PARIS — An Oxford County Sheriff’s deputy was fired Wednesday following an internal probe into a 2016 incident in which the deputy is alleged to have shot off the tip of his finger with his service weapon after spending most of St. Patrick’s Day drinking while off-duty.

Deputy Stephen Witham, the only deputy trained to handle the department’s K-9, was fired for the incident that occurred in March 2016, Sheriff James Theriault said.

Witham had been with the department since 2014.

Theriault said he plans to recommend the county disband the K-9 program for now. “It’s not the dog’s fault,” he said, “but I don’t feel that we can afford to train a new handler at this time.”

Witham received his K-9 certification in November through a program run by Lt. David Rackliffe of the Franklin County Sheriff’s Office.

When Witham was placed on paid administrative leave a little more than three weeks ago, Rackliffe took possession of the dog, named Samson, according to Theriault.

The dog remains in Franklin County.

Witham’s termination became official Wednesday when the Oxford County Commission voted unanimously to uphold Theriault’s decision to fire the deputy, and commissioners are in the process of drafting a final disciplinary letter detailing the grounds for termination. That letter will be available to the public when finalized.

According to Theriault, termination was based on a number of policy violations. “Some were serious and some weren’t as serious, but altogether we felt that it warranted the dismissal.”

In February, as part of an unrelated report, the Sun Journal asked for disciplinary records for all Oxford County patrol officers and received one for Witham dated Feb. 1, 2017.

That record, which was drafted by former Chief Deputy Hart Daley, detailed that Witham “failed to submit or complete police reports in general” and failed to timely complete a crash and criminal incident report for an accident that occurred on July 11, 2016 involving drugs, and after which a summons was issued.

The report wasn’t filed until Jan. 10, 2017.

According to county records, Witham’s “failure to complete and submit reports was discovered through a request for the crash report by a citizen/insurance company.”

As part of that discipline, Witham’s supervisors started monitoring his report writing on a weekly basis to ensure he completed reports on time.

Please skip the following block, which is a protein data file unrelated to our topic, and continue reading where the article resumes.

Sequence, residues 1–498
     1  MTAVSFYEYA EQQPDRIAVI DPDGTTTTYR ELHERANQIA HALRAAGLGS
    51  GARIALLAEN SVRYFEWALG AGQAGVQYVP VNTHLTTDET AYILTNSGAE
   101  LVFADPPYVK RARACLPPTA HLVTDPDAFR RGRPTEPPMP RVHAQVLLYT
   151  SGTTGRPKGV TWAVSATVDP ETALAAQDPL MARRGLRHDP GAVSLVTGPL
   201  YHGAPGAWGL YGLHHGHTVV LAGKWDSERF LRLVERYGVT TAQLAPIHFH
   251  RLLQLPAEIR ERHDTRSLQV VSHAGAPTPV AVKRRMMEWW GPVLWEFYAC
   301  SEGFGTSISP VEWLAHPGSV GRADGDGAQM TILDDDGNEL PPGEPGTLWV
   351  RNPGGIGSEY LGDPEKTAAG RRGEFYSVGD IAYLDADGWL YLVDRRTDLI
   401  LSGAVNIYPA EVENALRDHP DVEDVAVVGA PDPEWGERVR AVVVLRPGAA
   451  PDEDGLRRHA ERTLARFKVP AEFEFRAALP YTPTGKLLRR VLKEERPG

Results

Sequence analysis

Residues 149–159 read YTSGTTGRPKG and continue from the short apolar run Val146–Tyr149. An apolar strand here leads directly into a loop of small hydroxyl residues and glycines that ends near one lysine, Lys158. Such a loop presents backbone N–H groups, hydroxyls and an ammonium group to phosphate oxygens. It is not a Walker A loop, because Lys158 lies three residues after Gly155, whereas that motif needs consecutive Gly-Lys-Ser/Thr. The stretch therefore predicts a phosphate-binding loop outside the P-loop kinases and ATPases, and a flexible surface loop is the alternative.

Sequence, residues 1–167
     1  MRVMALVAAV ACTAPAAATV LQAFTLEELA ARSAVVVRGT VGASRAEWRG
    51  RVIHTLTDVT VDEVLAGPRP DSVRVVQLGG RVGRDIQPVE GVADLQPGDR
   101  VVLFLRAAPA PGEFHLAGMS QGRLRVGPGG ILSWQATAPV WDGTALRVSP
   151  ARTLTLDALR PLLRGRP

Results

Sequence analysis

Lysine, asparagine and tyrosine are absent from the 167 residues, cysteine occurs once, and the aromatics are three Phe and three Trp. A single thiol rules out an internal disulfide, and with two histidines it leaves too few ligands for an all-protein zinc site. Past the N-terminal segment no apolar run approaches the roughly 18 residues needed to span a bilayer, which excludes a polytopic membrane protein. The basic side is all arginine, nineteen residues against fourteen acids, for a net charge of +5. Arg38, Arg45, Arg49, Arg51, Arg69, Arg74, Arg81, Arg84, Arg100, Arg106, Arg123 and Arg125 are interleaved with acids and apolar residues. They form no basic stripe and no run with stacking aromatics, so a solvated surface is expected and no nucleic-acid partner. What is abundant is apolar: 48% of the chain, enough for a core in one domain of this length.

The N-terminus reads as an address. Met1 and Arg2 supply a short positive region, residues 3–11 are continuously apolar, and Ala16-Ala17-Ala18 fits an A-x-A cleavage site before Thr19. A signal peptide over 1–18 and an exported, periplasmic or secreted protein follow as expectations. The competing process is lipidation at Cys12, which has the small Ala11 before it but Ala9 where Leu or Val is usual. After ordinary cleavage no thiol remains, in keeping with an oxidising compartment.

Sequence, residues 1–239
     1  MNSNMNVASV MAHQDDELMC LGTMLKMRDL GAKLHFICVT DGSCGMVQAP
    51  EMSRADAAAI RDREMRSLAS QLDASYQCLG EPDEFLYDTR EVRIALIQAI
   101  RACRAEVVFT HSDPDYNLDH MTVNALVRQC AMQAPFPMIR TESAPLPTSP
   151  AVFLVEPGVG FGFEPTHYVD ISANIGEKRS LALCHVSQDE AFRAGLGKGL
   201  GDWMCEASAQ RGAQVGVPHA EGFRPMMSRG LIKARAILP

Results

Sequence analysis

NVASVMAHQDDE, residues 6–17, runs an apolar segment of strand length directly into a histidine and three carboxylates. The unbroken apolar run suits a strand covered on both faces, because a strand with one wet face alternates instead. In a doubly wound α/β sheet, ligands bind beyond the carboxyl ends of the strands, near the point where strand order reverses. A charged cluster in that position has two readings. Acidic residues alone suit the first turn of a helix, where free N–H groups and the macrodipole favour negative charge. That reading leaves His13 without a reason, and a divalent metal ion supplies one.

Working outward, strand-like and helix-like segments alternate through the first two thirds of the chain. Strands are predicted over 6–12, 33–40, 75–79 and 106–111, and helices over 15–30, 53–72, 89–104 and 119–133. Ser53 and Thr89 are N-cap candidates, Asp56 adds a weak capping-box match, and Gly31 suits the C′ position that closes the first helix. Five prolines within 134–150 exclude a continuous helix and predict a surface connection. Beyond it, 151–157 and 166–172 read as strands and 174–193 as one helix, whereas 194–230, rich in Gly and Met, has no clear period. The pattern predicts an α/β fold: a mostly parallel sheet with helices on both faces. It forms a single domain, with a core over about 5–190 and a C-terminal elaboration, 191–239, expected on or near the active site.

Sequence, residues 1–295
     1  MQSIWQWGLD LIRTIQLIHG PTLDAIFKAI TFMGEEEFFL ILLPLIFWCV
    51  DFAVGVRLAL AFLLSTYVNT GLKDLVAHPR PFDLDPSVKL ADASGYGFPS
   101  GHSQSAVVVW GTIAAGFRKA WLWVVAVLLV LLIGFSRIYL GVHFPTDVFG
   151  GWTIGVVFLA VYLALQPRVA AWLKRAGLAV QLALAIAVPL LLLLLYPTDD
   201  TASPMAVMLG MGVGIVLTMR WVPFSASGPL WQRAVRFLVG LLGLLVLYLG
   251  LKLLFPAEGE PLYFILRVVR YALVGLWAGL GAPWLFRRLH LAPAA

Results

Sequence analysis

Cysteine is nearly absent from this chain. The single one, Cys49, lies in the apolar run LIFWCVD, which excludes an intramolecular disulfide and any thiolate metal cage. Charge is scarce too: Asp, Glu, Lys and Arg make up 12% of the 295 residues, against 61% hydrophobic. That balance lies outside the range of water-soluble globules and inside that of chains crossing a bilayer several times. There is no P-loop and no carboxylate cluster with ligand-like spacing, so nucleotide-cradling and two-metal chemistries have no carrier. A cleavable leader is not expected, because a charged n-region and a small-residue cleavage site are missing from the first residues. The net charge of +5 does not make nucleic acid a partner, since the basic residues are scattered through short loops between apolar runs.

Theriault said that incident was considered among the less serious policies and procedures Witham violated. “The more serious ones were actually from 2016, but they were not reported to us until May,” he said.

According to Theriault, the department has a 30-day policy for reporting violations and if anything is reported after 30 days it can not be investigated “and you can’t do anything about it.”

But, with Witham, the firearms incident in 2016 couldn’t be ignored.

Theriault said the incident was never fully substantiated when it occurred because the former sheriff, Wayne Gallant, who is now under investigation by federal authorities, failed to order his staff to do the proper follow-up and internal investigation.

“The administration at that time never did any reports or anything to that effect and the doctor said it didn’t look like it was a gunshot wound, but we have witnesses that heard the shot and he admitted to the weapon going off,” Theriault said.

A spokesman for the labor union that represents the deputy, however, has disputed the allegations and said they plan to file a grievance and take the firing to arbitration, if necessary.

“There was a quick investigation done and no evidence of a gunshot discharge or a wound was found,” said Ray Cote, business agent for Teamsters Local 340. “A member of the sheriff’s department went back to Deputy Witham’s home, found blood on the floor of the garage near the garage door, did not find a shell casing, powder burns or a bullet. There was nothing to indicate that he hurt himself with his gun.”